St. Christopher’s Pre School

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About St. Christopher’s Pre School

Name St. Christopher’s Pre School
Ofsted Inspections
Address St Christophers Methodist Church, Convamore Road, Grimsby, DN32 9HR
Phase Childcare on Non-Domestic Premises, Sessional day care
Gender Mixed
Local Authority NorthEastLincolnshire
Highlights from Latest Inspection

What is it like to attend this early years setting?

The provision is good

Children are happy and safe at the pre-school. They have warm and caring relationships with their key person and enjoy spending time with them. Children behave well.

Older children help by pouring water for younger children as they play. Children are engaged in their learning. They mix the mud and water as they make a 'swamp'.

The dinosaurs visit the swamp and children delight in thinking of new ideas as they play in the mud kitchen.Children are encouraged to develop their physical skills. They balance on the crates in the garden.

They look to their key person for support when they feel unsteady. Younger explore their senses as they smell and taste different fruits. Older children develop their small-muscle skills as they use small tools to squeeze the juice from the orange.

Children develop their confidence and make good progress in their physical skills.The management team has reflected on the impact of the COVID-19 pandemic on children's learning and development. They work with the local children's centre to provide targeted support for children who need help with their communication and language development.

This helps to provide support early for children so they can make the best possible progress they are capable of.

What does the early years setting do well and what does it need to do better?

The management team design and implement an ambitious curriculum for children. They consider what children already know and can do.

They share the curriculum with staff and parents. Staff plan experiences which build on children's prior learning. Children make rapid progress.

Parent partnerships are a priority at the pre-school. The management team and staff work closely with families and share what their children are learning. Parents and grandparents comment on the excellent communication from the pre-school.

They share how they receive a book each week to help support their child's learning at home.The key-person system is highly effective. Staff know individual children well.

They know what children already know and how to build on this to support their individual learning needs. Parents talk about their child's key person and how they have gone 'above and beyond' to support their child and the family. As a result, children and families form excellent relationships with their key person.

Staff support children's emotional well-being. They quickly provide comfort to children if they are unsettled. During adult-led activities, staff introduce different emotions and talk to children about their feelings.

However, staff do not always give children opportunities to further understand their emotions. For example, they do not consistently name children's emotions as they arise.Children's communication and language are supported well in the pre-school.

Staff model new words to children. Staff give children time to repeat the words they are learning. Staff use additional strategies, including sign language, to help children to communicate as they develop their language skills.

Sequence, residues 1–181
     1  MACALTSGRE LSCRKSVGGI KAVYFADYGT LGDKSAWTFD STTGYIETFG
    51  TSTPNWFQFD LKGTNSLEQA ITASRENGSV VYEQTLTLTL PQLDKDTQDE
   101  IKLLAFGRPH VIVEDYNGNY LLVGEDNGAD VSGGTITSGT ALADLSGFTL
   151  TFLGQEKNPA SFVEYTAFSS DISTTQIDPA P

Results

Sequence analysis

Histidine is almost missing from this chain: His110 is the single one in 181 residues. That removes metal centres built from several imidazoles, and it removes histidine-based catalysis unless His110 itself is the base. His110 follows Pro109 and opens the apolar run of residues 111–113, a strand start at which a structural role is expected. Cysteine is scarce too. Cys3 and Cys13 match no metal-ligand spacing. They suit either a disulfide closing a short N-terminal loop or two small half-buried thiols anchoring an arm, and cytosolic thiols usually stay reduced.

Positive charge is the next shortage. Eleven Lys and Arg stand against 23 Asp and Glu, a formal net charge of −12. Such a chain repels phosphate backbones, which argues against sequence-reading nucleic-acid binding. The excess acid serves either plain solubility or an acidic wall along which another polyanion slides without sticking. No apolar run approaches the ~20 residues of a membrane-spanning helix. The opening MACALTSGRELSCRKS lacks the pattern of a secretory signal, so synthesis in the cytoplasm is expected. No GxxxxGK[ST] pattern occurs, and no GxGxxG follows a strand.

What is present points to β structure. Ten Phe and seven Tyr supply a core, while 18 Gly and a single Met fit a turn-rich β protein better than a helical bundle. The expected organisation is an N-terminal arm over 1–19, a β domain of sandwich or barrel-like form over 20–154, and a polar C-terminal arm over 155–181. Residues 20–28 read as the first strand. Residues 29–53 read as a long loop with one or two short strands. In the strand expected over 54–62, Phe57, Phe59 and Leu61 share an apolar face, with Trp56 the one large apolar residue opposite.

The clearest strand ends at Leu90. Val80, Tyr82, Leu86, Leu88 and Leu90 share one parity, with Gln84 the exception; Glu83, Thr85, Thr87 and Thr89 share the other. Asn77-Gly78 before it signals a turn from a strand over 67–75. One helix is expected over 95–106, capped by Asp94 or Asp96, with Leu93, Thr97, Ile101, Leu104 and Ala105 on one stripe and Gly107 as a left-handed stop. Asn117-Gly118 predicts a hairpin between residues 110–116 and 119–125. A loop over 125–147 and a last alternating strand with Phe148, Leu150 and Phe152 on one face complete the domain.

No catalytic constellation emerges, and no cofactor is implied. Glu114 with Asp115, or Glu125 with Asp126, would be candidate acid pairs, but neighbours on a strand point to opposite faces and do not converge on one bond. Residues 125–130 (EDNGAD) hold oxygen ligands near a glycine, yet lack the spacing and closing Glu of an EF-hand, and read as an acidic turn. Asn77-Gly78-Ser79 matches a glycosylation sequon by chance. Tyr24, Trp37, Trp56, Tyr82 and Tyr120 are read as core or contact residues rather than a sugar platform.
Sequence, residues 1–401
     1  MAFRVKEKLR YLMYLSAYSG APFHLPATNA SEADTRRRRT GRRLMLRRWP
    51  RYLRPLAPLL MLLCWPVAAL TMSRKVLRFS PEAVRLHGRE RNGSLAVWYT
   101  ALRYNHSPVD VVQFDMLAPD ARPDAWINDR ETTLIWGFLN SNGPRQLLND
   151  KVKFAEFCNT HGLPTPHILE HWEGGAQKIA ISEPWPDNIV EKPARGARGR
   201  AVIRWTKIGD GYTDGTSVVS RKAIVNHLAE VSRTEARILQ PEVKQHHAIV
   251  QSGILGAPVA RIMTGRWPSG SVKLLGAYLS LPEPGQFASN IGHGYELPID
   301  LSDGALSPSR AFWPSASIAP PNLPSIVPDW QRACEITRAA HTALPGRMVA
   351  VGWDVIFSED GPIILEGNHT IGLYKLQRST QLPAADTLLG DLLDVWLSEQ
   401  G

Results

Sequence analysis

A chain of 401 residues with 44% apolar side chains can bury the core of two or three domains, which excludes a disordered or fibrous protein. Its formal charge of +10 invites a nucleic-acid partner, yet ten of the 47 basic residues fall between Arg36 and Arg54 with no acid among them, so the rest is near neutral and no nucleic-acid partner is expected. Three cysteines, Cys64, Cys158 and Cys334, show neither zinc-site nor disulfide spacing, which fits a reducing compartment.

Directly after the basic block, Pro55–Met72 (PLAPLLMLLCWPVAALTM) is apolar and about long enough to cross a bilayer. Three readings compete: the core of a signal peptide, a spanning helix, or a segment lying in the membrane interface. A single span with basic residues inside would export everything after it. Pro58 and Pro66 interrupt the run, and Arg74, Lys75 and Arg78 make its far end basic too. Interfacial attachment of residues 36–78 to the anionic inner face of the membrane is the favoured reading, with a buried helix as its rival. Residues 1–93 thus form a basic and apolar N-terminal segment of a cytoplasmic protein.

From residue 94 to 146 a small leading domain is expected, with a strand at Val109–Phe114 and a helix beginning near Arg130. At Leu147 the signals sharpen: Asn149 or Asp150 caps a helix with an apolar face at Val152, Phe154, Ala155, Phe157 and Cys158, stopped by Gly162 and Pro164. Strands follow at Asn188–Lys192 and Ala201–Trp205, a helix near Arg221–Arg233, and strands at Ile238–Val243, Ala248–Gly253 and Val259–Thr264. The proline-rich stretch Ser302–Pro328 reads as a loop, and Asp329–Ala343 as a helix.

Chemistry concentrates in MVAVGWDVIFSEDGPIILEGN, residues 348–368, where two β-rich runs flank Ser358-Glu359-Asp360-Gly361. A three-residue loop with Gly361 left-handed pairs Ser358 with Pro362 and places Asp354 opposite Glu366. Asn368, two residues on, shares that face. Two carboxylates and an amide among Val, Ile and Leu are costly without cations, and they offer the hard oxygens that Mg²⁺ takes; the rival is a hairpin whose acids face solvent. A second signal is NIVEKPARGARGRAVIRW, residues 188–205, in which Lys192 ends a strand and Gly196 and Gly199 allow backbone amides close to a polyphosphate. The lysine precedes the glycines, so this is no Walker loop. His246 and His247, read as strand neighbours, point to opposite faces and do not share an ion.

For instance, older children sign as they sing the hello song. This helps children to make good progress in their spoken language.Children with special educational needs and/or disabilities are well supported.

Staff use observation and assessment effectively to identify any possible gaps in children's learning. They work closely with parents and other professionals to access the right support. This helps all children to make the best possible progress they are capable of.

The management team and key people carefully consider how they use additional funding to support children's individual learning needs. For example, they create a sensory den to provide a calming, relaxing space for children if they become distressed or anxious. Parents comment that the additional funding their child receives has been used effectively to support them.

Staff report feeling well supported. They talk about the effective supervision sessions they have and how this develops their practice. The management team has good knowledge of child development.

This helps them to further develop the curriculum and continually raise the quality of education.


The arrangements for safeguarding are effective.Staff understand their safeguarding roles and responsibilities.

They can identify possible signs that a child may be vulnerable to abuse. They know who to report any concerns to, following the local safeguarding partnership procedures. Staff and the management team explain how they would manage an allegation made against a member of staff.

They know the correct procedures to follow. Staff carefully consider the environment and ensure it is safe for children. Staff support children to understand how to keep themselves safe.

For example, they talk to children about using the climbing wall carefully, so they do not fall. Children are developing the skills to manage risks as they play.

What does the setting need to do to improve?

To further improve the quality of the early years provision, the provider should: further strengthen the good teaching practices to give children more opportunities to understand and manage their own feelings.

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